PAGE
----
When we breathe, our lungs absorb a portion of the oxygen in the air, and replace it with some amount of carbon dioxide and water vapor. Typically, how much $O_2$ (in grams, milliliters, or moles for instance) is absorbed and how much $CO_2$ and $H_2O$ are released in one breath of a healthy adult?

Of course, the exact amounts will vary from person to person and based on how deeply the person is breathing, lung health, etc. I'm just looking for a ballpark figure.

  • 3
    $\begingroup$ Just as a side note, it's a common error to believe that you're just breathing out CO2 and H2O. You're also breathing out a fair amount of oxygen as well. $\endgroup$
    – jeremy
    Jan 2, 2013 at 22:07
  • 2
    $\begingroup$ @Jeremy Indeed. This is why CPR includes breathing for the recipient. If it was just CO2 and H20, you wouldn't be doing much good! $\endgroup$ Oct 22, 2015 at 19:11

1 Answer 1


According to Wikipedia

"In a healthy, young adult, tidal volume is approximately 500 ml per inspiration..."

(tidal volume is the volume inspired/expired)

Using this figure, together with values for gas composition also taken from Wikipedia, I estimate that in each breath we take in 18 mg O2 (1.1 mmol) and we release 36 mg of CO2 (1.2 mmol) plus 20 mg H2O (1.1 mmol). These are, as you say, ballpark figures.

Sample calculation:

O2 inspired = 21% by volume; O2 expired = 16% by volume

O2 change = 5% by volume = 5*500/100 = 25 mL

1 mole gas = 22.4 L; 1 mmol gas = 22.4 mL

O2 change = 25/22.4 mmol = 1.1 mmol

MW O2 = 16

O2 change = 17.6 mg

The relative values are reassuringly close to what you might predict from the textbook equation for oxidation of carbohydrate: C6H12O6 + 6O2 -> 6CO2 + 6H2O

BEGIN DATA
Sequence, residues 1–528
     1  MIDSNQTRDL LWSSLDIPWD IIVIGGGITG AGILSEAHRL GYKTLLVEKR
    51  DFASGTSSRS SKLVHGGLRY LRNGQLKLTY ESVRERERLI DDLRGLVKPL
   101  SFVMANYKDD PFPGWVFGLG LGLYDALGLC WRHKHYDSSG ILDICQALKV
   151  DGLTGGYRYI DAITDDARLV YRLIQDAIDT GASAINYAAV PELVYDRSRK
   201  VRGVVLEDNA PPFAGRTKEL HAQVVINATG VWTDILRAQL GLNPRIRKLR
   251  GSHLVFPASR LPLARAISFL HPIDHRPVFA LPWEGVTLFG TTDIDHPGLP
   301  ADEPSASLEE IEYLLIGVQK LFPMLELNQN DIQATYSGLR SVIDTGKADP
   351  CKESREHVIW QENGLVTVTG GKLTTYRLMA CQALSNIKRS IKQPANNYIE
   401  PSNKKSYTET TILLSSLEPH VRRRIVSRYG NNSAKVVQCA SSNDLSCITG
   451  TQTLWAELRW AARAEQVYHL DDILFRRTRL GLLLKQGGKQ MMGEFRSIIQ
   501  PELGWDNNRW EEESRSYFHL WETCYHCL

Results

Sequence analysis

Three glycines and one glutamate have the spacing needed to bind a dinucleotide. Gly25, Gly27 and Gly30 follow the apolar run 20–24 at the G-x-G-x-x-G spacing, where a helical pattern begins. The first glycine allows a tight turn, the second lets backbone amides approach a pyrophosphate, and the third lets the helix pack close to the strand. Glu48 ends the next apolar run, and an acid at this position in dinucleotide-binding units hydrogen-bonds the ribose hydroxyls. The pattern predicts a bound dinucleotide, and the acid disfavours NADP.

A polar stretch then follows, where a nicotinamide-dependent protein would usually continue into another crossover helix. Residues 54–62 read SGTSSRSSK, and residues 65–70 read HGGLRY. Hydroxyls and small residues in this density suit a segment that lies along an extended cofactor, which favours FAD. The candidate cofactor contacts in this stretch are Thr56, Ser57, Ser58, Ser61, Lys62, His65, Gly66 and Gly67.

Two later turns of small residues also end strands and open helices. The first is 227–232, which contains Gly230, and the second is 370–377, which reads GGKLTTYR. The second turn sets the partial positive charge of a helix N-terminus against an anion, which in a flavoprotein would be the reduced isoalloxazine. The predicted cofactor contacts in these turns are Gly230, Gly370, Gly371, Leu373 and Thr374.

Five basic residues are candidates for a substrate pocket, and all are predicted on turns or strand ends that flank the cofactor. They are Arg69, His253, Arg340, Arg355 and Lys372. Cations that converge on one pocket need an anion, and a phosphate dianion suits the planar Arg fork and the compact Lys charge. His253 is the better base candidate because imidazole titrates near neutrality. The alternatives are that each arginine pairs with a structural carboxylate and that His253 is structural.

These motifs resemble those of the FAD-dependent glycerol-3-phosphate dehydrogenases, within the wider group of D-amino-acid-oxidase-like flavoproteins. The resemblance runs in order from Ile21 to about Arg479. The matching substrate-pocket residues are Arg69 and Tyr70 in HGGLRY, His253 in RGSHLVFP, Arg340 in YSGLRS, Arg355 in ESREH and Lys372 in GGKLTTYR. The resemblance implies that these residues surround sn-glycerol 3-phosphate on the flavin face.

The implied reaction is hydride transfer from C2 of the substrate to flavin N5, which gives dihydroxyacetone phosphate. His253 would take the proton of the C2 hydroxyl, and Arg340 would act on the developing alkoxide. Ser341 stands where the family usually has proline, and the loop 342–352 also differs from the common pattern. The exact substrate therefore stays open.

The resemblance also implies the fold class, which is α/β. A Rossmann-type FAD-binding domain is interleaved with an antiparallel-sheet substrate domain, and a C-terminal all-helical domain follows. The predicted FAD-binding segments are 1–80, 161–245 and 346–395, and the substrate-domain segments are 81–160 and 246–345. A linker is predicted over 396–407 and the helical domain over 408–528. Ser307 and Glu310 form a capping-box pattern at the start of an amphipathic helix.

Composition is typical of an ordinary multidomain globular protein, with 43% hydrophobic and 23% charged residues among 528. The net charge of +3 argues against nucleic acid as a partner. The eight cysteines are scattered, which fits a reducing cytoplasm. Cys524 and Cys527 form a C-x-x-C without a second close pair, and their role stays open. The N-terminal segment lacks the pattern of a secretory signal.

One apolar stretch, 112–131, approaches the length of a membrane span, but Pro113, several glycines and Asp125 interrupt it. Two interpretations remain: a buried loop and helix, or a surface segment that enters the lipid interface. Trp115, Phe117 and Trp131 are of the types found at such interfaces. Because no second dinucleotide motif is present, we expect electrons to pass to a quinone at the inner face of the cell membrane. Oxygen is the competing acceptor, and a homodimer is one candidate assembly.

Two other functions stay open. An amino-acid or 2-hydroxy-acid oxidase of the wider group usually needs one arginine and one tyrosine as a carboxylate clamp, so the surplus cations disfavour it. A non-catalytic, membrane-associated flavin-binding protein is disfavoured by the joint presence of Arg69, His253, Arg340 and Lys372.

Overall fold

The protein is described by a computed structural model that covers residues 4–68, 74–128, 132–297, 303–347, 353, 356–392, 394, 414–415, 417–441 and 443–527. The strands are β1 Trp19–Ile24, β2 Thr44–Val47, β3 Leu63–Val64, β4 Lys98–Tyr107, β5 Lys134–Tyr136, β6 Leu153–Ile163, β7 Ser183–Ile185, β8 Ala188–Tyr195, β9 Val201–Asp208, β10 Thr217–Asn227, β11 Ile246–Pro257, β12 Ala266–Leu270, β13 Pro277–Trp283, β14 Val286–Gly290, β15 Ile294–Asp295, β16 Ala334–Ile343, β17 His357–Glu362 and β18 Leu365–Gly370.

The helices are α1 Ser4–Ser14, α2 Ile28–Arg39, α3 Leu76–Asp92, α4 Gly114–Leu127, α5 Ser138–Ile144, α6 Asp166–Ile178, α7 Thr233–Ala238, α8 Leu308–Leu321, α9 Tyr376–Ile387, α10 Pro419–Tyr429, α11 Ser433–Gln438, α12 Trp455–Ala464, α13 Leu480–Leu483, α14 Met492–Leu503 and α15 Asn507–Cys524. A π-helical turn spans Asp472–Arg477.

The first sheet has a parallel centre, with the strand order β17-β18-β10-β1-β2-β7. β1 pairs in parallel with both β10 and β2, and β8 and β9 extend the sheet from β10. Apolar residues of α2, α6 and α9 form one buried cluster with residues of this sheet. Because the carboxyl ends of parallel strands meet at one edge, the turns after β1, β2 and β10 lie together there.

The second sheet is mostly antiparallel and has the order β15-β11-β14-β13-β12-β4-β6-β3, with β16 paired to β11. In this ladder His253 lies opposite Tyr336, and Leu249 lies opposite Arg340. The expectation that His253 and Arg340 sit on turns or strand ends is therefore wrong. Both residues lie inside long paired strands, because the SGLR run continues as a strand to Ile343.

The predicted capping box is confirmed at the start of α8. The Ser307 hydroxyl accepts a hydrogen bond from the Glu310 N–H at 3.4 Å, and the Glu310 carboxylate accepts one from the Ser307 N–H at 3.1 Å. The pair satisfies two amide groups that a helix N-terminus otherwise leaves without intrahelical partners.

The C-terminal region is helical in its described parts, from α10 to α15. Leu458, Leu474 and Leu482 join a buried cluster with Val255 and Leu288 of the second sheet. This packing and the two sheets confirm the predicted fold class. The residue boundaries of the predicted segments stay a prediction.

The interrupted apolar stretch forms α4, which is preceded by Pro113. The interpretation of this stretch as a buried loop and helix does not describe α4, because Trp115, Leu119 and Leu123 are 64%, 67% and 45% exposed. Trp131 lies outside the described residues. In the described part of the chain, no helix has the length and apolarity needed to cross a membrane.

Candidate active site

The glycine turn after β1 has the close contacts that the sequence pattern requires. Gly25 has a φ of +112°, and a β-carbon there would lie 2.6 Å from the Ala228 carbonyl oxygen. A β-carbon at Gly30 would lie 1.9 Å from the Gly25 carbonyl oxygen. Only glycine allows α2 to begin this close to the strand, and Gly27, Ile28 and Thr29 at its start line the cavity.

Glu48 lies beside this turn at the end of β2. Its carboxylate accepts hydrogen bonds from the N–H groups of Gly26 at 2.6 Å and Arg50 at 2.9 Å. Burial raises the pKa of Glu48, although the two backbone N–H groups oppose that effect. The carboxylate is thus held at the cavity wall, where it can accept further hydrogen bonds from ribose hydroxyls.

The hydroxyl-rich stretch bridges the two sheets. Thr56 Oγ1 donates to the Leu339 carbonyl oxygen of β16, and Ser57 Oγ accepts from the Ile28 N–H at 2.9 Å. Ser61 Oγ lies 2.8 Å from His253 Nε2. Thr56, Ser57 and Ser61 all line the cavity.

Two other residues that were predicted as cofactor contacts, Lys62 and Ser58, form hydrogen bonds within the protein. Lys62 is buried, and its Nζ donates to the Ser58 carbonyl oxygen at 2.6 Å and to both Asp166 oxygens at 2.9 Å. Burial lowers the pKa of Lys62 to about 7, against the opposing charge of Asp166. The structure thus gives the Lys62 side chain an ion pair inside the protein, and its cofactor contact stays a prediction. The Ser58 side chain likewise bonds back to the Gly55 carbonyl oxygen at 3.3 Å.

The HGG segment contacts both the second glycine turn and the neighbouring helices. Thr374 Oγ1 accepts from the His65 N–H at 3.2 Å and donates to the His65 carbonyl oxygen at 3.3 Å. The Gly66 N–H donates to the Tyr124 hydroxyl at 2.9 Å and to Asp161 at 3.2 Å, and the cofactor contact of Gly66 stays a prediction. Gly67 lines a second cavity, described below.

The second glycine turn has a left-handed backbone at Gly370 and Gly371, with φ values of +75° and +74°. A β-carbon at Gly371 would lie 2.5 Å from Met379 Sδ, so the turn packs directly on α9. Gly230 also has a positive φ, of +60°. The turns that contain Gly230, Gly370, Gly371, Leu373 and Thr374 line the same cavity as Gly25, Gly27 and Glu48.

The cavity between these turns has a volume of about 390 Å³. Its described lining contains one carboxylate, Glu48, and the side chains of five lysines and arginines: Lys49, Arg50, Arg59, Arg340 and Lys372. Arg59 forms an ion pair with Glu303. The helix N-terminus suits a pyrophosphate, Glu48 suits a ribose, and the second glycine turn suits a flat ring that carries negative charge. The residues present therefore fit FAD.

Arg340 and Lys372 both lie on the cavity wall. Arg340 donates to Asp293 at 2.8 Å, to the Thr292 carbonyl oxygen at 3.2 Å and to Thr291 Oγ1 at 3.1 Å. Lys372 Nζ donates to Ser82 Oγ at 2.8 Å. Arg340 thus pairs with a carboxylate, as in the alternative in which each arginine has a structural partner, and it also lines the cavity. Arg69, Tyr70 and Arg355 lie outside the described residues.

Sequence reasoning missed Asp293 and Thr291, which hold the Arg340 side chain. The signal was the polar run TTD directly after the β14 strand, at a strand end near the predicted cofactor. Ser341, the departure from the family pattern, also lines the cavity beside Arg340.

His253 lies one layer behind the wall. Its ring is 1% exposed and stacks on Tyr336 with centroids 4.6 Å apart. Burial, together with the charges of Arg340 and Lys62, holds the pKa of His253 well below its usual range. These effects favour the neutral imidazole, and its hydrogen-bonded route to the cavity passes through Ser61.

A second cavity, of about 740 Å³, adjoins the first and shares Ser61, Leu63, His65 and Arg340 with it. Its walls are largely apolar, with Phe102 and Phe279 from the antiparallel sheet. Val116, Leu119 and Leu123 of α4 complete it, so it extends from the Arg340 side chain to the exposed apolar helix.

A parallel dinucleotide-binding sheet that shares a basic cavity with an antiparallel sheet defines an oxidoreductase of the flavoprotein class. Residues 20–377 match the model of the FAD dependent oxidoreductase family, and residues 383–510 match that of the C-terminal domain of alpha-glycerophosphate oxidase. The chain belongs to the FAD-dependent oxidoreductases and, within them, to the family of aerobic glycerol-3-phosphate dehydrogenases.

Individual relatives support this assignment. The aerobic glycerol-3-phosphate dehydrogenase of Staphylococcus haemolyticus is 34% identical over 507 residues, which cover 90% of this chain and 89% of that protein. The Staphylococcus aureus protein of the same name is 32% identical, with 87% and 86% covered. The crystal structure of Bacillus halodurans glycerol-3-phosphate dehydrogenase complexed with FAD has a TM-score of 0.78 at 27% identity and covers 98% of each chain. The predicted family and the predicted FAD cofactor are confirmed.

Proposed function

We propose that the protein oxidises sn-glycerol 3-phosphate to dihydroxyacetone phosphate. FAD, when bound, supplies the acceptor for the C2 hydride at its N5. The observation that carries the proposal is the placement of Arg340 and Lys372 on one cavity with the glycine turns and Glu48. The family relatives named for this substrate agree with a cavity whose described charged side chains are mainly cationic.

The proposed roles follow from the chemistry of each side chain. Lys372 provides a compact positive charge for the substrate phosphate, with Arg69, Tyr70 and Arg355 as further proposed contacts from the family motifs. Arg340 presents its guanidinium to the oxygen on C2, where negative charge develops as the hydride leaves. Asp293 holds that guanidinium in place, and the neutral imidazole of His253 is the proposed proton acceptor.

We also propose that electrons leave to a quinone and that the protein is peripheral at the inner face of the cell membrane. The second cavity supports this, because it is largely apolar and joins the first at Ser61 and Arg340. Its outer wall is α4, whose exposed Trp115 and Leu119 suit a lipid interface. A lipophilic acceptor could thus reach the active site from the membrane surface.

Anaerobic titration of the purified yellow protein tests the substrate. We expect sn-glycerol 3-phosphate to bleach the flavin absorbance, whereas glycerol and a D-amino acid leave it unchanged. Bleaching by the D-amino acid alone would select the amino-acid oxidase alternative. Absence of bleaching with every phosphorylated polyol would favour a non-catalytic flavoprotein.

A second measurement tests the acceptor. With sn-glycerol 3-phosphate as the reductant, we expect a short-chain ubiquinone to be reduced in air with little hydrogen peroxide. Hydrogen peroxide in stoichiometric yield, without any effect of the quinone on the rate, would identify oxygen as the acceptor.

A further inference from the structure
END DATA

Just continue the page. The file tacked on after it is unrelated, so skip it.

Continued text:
• $\begingroup$ Thanks! I guess all the figures I needed were on Wikipedia, but thanks for putting 'em together for me. Fun fact: you lose about 1.5 pounds of weight per day just to breathing (since the CO2 and H2O are heavier than the O2; assuming 20K breaths/day). $\endgroup$ Jan 2, 2013 at 23:40
  • $\begingroup$ @NathanReed, interesting point, but you have your numbers wrong. H2O is not heavier than O2. H2O is a single molecule of Oxygen with a couple of extra protons (H+). It will be lighter than O2. $\endgroup$
    – terdon
    Feb 7, 2013 at 3:19
  • $\begingroup$ @terdon I meant that the CO2 and H2O combined are heavier than the O2. $\endgroup$ Feb 7, 2013 at 4:32
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    $\begingroup$ The textbook equation for respiration doesn't always hold. The molar ratios really depend on what is being metabolized by the organism, and that can depend on a number of factors including health and activity. For a more precise ratio you need to consider the respiratory quotient - see en.wikipedia.org/wiki/Respiratory_quotient $\endgroup$
    – docscience
    Nov 17, 2014 at 2:35

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